Thinking Critically in Faith

By Vladimir Savchuk | February 8, 2024 | 5 mins

Thinking Critically in Faith

In our walk with God, it’s important to think deeply and live based on God’s principles instead of focusing on finding faults. Charles Spurgeon, a famous preacher, once said that the church isn’t perfect, but we shouldn’t enjoy pointing out its flaws.

I believe that the Church must learn to develop critical thinking instead of a critical spirit. We are called to point to the Truth which is Christ, not to whatever we believe to be the truth. Here are a few things we should consider.

Learning to Think Well

The Bible teaches us to think critically, which means to ask questions, try to understand, and think carefully about ideas or actions. It’s driven by humility, curiosity, and a unifying purpose. 

A critical spirit on the other hand, is negative, fault-finding and seeks to tear down rather than build up. It’s marked by pride, indifference to people, and seeks to divide rather than unite. 

As followers of Jesus, who is the ultimate Truth, we’re called to look to Him as the Source of our truth and not to other believers.

Understanding Our Biases

I was listening to Craig Groeschel’s podcast recently and he mentioned something that stuck with me. In the podcast, Craig mentions cognitive biases, which are like mistakes in our thinking. These biases can stop us from thinking clearly because we see things based on our own experiences and preferences. He points out three common biases:

  • Confirmation bias: Liking ideas that agree with what we already believe.
  • Status quo bias: Preferring familiar things over possibly better new options.
  • Anchoring bias: Giving too much importance to the first piece of information we hear.

It’s important to recognize these biases to keep our thinking balanced and in line with Biblical principles. We must never be quick to speak and slow to listen. I want to encourage you to have wisdom and discernment in all areas of your life. Not everything that comes through our televisions or to our ears is true. We must be willing to critically think and research to find the truth.

As people of the Truth, we cannot be moved by what’s “hot” and “trendy.”

Facing False Accusations

Jesus tells us in Scripture that His followers would be falsely accused (Matthew 5:11-12). In fact, the Bible is full of examples where we see this to be the case.

  • Potiphar’s wife lied about Joseph (Gen 39:11-15)
  • Naboth was framed by Jezebel (1 Kings 21)
  • People (even prophets) lied about God (Jer 5:12)
  • The exiles rebuilding Jerusalem were lied about Ezra (Ezra 4:4-7; Neh 6:1-14)
  • They said John the Baptist had a demon (Luke 7:33)
  • Paul was falsely accused, arrested, and imprisoned (Acts 16:20; 18:13; 21:28; 24:5-6)
  • Rome accused Christians of atheism, cannibalism, and sexual orgies. 

We also see throughout the New Testament that Jesus was also lied about and called:

  • Destroyer of the temple (Mark 14:55-59)
  • A glutton and a drunk (Luke 7:34-35)
  • Having a demon (Luke 11:14-15)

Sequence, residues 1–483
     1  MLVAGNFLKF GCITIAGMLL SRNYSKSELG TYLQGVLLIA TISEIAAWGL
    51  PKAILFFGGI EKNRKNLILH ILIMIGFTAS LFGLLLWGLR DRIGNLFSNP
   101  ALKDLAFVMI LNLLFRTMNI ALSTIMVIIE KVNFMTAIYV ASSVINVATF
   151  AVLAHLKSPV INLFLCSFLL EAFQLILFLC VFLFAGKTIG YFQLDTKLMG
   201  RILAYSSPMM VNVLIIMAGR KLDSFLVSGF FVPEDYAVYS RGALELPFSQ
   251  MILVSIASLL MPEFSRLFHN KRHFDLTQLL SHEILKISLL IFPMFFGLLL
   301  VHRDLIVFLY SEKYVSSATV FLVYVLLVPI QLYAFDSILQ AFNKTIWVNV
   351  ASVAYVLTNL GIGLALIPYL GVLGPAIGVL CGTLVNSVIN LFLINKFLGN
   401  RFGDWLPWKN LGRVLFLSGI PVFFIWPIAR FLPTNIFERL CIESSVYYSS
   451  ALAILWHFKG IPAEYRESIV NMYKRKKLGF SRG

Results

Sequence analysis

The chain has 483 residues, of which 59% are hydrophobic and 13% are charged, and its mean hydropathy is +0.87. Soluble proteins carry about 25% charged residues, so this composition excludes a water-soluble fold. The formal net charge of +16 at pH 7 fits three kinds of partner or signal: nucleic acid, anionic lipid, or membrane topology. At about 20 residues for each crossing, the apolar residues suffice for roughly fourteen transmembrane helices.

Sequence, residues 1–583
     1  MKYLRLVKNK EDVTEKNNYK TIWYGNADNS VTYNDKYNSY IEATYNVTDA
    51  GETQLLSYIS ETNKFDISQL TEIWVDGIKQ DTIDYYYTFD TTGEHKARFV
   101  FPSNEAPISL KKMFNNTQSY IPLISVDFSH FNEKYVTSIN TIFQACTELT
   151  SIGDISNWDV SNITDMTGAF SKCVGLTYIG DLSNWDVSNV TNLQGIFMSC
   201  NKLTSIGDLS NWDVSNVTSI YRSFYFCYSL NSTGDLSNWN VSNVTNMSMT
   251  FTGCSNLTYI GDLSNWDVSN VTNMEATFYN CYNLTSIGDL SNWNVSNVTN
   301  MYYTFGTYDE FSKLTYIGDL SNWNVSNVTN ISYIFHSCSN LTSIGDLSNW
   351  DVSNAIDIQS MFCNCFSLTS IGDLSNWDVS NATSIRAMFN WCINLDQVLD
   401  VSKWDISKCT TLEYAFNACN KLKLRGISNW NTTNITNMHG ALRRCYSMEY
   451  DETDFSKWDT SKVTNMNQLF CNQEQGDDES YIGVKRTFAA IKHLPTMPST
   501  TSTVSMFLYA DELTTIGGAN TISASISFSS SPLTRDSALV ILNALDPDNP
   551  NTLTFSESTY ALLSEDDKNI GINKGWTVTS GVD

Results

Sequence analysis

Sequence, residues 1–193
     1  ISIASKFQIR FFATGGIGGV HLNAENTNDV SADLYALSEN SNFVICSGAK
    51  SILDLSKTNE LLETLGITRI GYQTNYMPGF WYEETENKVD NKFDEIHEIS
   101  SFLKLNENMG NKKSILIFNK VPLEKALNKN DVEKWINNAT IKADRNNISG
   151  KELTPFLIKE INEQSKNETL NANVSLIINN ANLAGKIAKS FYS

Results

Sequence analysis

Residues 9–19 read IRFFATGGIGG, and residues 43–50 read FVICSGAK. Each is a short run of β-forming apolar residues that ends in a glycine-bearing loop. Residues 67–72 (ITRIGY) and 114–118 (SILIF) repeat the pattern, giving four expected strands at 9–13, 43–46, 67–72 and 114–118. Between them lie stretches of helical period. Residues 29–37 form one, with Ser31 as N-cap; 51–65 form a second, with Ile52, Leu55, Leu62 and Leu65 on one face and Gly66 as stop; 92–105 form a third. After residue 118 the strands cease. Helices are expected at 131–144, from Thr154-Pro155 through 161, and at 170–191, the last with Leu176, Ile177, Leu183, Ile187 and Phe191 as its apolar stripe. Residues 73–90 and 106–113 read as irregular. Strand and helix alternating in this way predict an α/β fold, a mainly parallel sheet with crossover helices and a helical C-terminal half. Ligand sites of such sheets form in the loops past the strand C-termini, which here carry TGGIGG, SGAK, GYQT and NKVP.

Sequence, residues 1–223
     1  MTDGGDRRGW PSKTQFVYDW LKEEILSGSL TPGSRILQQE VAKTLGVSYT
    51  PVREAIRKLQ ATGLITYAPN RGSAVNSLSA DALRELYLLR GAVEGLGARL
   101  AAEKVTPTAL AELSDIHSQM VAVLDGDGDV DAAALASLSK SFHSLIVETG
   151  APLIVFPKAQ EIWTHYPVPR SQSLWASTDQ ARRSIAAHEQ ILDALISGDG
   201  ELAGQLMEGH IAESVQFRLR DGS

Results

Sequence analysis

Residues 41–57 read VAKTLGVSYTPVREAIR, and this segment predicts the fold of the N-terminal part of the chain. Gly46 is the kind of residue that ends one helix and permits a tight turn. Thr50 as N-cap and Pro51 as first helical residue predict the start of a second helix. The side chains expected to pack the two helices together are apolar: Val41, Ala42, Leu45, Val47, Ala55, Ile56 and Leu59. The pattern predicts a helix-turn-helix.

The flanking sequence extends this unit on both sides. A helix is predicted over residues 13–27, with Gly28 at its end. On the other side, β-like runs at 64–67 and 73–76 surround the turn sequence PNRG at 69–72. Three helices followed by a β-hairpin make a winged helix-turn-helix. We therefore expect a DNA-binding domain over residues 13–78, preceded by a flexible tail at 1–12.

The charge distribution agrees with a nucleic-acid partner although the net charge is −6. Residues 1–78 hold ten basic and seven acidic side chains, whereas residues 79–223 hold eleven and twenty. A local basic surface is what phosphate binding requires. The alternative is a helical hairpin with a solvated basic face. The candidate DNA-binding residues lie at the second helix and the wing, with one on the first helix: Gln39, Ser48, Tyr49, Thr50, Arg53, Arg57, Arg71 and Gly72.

• Demon-possessed and insane (John 10:20)
  • Out of his mind (Mark 3:21)
  • An evildoer worthy of death (John 18:30-31)
  • Blasphemer (Mark 14:61-64)
  • A perverter of the nation and forbidding people to pay taxes to Caesar (Luke 23:1-2)

These stories remind us that lies and deceit are tools used to cause harm. As Christians we must learn to grow thick skin because often, we may have to live being misunderstood. But, through faith and the power of our testimonies, we can overcome these challenges (Revelation 12:11).

Prone to An Autoimmune Disease

Sometimes, like in autoimmune diseases where the body attacks itself, members of the church community turn against each other. This causes division and hurt. The Bible encourages us to seek peace, unity, and to build each other up (Romans 14:19, 1 Corinthians 1:10, Ephesians 4:2-3, Philippians 2:2-3).

The family of God must fight, but not each other.

We should focus on facing challenges together, not fighting among ourselves. Remembering the story of the first murder in the Bible, we’re reminded of the importance of unity. Jesus prayed for us to be one, just like God is one (John 17:21). Scripture tells us that it is Satan who is the accuser of the bretheren. We are not called to fight one another, but stand united against the real enemy–the devil (Ephesians 6:12).

As Believers, we must remember that God can do His perfect work through imperfect people. While some may misuse their gifts (Matthew 7:22-23), we should never demonize nor idolize men of God. And we should always be slow in speaking; our response to someone’s sin can also be a sin.

Disagreements on minor issues don’t make someone a false teacher (Acts 20:27), and the Bible outlines characteristics of false prophets in the Old and New Testaments.

According to Peter, false teachers are those who: 

  • Deny Christ (2 Peter 2:1)
  • Exploit believers for personal gain (2 Peter 2:3)
  • Abuse Christian freedom, neglect duty (2 Peter 2:10, 19)

Choosing What to Listen To

Mark 4:24 tells us that whatever we listened to we will conceive in due time–“Take heed what you hear. With the same measure you use, it will be measured to you.”

By thinking critically, recognizing our biases, and choosing to support and unite with each other, we can strengthen the body of Christ. Let’s hold on to what is true and help each other grow in love and understanding.

Read: How to Lead People Effectively

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